No matter the job, there are always some health stressors to look out for. Some jobs have high physical demands and regular physical exertion, but most people nowadays find themselves sitting in front of a desk for hours. Office jobs may not seem like a physically stressful profession, but there are actually major risks that come with the posture you hold in front of a desk.
Have you ever heard the saying that ‘Sitting is the new Smoking’? American statistics show that 80 percent of the workforce today spends their whole day sitting. In addition to this, research has shown that the effects of prolonged sitting can be as hazardous to your health as smoking. This not only means the mechanical toll this has on your body such as stiff joints, tight muscles, and general weakness, but also presents increased risk of disease, especially those related to the heart. In general, as common with chronic smokers, sedentary work demands have shortened life expectancy in this population. The research has also shown that adding regular exercise alone isn’t enough to completely negate the effects and risks. The best way to combat the negative stress of prolonged postures is to keep moving throughout the day, ESPECIALLY AT WORK.
How Do We Fix This?
1. Take regular breaks throughout the day – the most optimal practice is to get up every half hour for a few minutes. Within this time you can stretch and walk around, but most importantly, this allows you to reset your posture to an optimal position so your muscles and joints don’t settle. Let’s be honest, you can’t always be conscious about your posture throughout a 30-minute period when you have work to do.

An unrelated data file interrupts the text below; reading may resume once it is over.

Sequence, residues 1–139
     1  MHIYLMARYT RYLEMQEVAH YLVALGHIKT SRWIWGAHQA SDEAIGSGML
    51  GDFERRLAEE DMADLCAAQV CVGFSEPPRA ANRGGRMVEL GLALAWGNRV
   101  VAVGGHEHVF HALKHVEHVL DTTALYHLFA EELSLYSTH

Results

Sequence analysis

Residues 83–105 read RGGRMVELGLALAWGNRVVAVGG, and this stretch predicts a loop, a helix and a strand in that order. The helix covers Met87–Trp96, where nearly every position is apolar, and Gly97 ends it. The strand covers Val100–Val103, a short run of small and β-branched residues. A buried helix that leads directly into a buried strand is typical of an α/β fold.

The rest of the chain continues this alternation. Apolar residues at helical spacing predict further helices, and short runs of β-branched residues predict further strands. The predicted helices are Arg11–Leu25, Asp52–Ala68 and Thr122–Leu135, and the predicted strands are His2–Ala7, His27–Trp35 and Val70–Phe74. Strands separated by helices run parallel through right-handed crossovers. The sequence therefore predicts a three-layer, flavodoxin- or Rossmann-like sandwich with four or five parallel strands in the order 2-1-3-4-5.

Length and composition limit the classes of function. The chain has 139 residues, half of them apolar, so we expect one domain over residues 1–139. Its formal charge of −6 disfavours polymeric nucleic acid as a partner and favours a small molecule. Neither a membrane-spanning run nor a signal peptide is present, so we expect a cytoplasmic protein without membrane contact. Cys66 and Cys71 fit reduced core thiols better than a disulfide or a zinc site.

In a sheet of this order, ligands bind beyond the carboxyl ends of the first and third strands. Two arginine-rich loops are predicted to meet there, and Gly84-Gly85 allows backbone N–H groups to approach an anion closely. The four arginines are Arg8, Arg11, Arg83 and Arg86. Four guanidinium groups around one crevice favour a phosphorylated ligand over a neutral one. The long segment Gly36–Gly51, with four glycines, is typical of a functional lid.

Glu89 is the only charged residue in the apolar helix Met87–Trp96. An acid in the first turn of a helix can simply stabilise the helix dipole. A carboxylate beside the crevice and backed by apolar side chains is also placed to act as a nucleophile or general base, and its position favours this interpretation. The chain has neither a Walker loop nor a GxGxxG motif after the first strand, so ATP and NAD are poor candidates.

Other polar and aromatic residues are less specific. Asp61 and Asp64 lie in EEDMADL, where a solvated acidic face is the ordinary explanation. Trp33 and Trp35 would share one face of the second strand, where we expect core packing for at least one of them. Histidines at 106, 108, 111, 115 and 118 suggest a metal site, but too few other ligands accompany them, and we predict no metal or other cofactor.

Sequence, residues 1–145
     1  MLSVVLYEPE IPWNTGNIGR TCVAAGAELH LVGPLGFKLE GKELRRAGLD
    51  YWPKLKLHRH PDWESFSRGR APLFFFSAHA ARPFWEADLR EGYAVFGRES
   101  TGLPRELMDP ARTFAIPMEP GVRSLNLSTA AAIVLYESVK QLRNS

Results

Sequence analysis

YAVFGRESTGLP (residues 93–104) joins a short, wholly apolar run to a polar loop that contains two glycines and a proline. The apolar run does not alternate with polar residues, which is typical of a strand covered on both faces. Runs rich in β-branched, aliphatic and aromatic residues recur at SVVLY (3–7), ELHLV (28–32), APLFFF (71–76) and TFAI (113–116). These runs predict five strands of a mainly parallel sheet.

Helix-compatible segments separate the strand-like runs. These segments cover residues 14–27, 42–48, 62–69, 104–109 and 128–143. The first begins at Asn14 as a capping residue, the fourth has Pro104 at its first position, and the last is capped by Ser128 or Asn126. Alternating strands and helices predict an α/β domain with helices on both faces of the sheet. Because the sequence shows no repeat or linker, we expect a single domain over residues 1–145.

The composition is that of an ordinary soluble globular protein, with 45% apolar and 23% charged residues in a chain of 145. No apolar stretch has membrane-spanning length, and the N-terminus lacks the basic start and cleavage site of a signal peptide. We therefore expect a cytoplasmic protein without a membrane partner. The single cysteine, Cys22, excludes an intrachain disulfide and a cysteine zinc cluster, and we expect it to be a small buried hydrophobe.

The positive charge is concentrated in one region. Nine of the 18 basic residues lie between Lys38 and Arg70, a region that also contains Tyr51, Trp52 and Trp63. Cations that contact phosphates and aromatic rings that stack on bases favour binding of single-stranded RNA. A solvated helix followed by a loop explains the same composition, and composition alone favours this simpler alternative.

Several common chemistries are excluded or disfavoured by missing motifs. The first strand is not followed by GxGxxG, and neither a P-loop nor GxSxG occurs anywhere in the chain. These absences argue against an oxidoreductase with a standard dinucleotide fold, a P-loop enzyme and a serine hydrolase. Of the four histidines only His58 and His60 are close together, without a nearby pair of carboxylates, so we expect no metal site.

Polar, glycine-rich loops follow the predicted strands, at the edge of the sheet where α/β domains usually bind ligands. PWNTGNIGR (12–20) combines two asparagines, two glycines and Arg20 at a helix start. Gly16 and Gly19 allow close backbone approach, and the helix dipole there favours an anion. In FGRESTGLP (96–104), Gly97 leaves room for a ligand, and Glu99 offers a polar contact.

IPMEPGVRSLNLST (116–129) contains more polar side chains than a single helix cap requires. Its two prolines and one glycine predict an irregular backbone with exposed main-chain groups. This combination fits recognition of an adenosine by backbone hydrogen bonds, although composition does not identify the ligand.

2. Change your posture while seated – make sure that your feet are planted flat on the ground or resting on a foot rest. Keep your elbows, hips and knees at a 90 degree angle if possible. Use your back rest and make sure there is lumbar support to maintain the alignment in your lower back. Use your arm rests and have them at a reasonable height.
3. Keep your monitor at eye-level – make sure that the bottom of your monitor is in line with your eye level, so that you’re always looking up and down with your eyes and not your head. Head position is important, so turn your whole body when you are looking at dual monitors and make sure your head stays upright over your spine as opposed to slouching forward.
4. Get a standing desk – this has proven to be a great method to stay away from the effects of prolonged sitting. However, do not overwork your legs and do not allow yourself to be caught in a position for too long. Still take frequent breaks and move around so your body doesn’t settle.
BE CONSCIOUS about your posture at work. It’s easy to forget about it as you get busy at work. But make an effort to remind yourself somehow (notes, cellphone, accountability with coworkers) so that you can make sure your work demands don’t have a negative toll on your body and your overall health. If this is new practice for you, be sure to see a professional to see where your posture is at so they can give you more specific advice on how to cope with this at work.
Dr. Alexander Pacis, DC, is a partner at the Active Family Chiropractic & Wellness Centre. www.wellnesschiropractor.com